Adrian, Michigan is a town of approximately 22,000 people and lies on the Michigan border between Ann Arbor and Toledo, Ohio, in the heart of the rust belt. It’s a far cry from San Francisco, New York or Austin.
Amy Cortese (pictured, right) visited the town on Halloween last year to speak to the Area Chamber of Commerce’s Economic Club. Cortese is the author of Locavesting: The Revolution in Local Investing and How to Profit From It. She has been a vocal and passionate advocate of crowdfunding as a means of allowing local residents to invest in local businesses.
It seems she sparked the crowd in attendance on that day, because in April of this year 22 investors organized under 120 E. Maumee LLC bought a storefront for what is to be a new bakery on the town’s main drag.
Adrian Downtown Development Authority Director and Economic Development Coordinator Chris Miller led the charge. He would eventually go on to lead an effort to introduce and implement an intrastate crowdfunding exemption in the state of Michigan to make funding and launching small local businesses – including bakeries – easier than ever.
Michigan has gone through a very difficult decade, and we’re starting to come out of that. I think this is one way that is really going to help speed that along.Rep. Nancy Jenkins (R-MI, 57th District)
He reached out to State Representative Nancy Jenkins (pictured, left) to advocate for an intrastate exemption. As we’ve reported, that effort is well on its way to becoming a reality.
“It sounded like an exciting idea,” Rep. Jenkins told Crowdfund Insider. “I’m all about helping people get ahead and improving Michigan’s economy. Michigan has gone through a very difficult decade, and we’re starting to come out of that. I think this is one way that is really going to help speed that along.”
Rep. Jenkins co-sponsored House Bill 4996, a Michigan bill aimed at amending state regulations to allow for intrastate crowdfunding. If the bill makes it past the governor’s desk, Michigan businesses would be allowed to solicit investment from Michiganders online. There is hope that this will take place by the end of this year.
Last week the bill was voted out of the Commerce Committee with only a single no vote, continuing a trend of bipartisan support for crowdfunding exemptions, both at the state and federal level. At this time, the bill’s proponents are working with the Michigan Department of Licensing and Regulatory Affairs (LARA) in order to clarify the reach and place of regulatory oversight in this new funding ecosystem.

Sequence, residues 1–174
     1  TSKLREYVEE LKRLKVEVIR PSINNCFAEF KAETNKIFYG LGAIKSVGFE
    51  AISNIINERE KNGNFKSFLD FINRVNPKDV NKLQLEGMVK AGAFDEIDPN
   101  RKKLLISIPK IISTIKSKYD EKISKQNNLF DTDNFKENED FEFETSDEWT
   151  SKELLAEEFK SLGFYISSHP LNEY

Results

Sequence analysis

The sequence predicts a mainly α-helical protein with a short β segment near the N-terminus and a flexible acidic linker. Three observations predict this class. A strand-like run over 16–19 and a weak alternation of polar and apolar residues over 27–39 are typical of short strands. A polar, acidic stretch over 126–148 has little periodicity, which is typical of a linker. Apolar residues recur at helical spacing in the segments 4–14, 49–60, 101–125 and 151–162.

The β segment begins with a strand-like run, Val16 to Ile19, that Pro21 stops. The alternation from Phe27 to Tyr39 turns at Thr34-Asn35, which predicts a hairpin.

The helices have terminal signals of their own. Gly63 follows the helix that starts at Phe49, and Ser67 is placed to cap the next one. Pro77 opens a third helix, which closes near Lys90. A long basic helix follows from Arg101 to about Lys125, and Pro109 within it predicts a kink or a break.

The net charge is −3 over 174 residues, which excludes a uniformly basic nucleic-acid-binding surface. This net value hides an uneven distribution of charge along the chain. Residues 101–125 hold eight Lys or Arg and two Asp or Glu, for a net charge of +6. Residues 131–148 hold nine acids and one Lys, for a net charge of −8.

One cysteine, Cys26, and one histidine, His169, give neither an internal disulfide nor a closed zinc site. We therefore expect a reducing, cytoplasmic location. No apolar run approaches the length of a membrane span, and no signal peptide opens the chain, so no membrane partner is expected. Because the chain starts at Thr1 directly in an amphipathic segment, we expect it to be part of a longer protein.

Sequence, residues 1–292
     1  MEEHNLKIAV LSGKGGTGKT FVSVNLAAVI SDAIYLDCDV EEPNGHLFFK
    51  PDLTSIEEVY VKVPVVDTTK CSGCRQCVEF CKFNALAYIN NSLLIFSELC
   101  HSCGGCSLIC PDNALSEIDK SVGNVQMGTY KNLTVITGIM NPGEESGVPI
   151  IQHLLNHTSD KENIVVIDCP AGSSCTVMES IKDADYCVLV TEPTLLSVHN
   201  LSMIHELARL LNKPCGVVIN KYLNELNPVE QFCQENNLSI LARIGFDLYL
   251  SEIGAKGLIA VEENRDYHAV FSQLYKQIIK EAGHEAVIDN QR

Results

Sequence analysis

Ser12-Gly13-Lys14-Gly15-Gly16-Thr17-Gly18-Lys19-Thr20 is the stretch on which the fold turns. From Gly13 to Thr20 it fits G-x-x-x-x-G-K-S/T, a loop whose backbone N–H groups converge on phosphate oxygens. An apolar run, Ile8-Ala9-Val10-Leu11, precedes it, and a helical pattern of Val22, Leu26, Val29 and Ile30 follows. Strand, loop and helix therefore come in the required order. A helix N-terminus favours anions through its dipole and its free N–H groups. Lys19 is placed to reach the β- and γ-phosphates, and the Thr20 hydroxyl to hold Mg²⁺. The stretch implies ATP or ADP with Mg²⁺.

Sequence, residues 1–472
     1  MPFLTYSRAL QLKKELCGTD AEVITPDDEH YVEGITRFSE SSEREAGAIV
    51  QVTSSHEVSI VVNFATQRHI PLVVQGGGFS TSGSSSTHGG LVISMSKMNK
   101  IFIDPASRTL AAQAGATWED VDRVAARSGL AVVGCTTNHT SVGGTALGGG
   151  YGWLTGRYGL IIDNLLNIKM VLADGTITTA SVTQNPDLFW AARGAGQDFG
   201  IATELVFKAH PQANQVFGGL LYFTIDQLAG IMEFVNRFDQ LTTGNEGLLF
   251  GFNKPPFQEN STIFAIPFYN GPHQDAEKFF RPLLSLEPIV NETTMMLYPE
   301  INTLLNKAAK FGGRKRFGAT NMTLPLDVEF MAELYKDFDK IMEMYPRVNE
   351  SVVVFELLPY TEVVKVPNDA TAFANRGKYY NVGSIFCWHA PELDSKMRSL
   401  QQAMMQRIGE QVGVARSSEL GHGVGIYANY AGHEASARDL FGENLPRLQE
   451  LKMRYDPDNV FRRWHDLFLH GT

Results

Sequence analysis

Although instrastate exemptions are similar in nature to the upcoming federal exemption, Rep. Jenkins still believes Michigan’s entrepreneurs will make use of the state-level exemption.
“This is just an opportunity to get ahead of that and start getting Michiganders investing in Michigan businesses,” she said. “I think there is a lot of excitement about it.”
In Michigan’s case, the state-level exemption provides a couple of huge benefits over what has been proposed in the forthcoming federal rules.
First, Michigan businesses soliciting investment from Michigan residents wouldn’t have to spring for expensive audited financials unless they raise over $1 million per year. At the federal level, that threshold is proposed to be half of that amount. Those willing and able to provide audited financials could seek up to $2 million from the crowd, a limit twice that in proposed rules from the SEC.
There are also protections for issuers under this state-level exemption. As with other state-level exemptions, investors have to have their primary residence in Michigan. However, if an investor mistakenly participates without being eligible, their individual investment can be rescinded without the entire offering being rendered null.
Rep. Jenkins hopes that the bill gains a legacy of being pivotal for economic development in the state of Michigan, a state that was hit hard in the economic downturn in 2008.
“What I envision is a lot of small companies starting up downtowns, and empty buildings and storefronts are filling up because these small businesses are starting and more people are getting employed,” she said.
“I think this could really be a real win-win for Michigan – for Michigan businesses as well as Michigan investors. There’s a lot of potential there, it’s just a matter of if people take advantage of that.”
Featured photo credit Wikipedia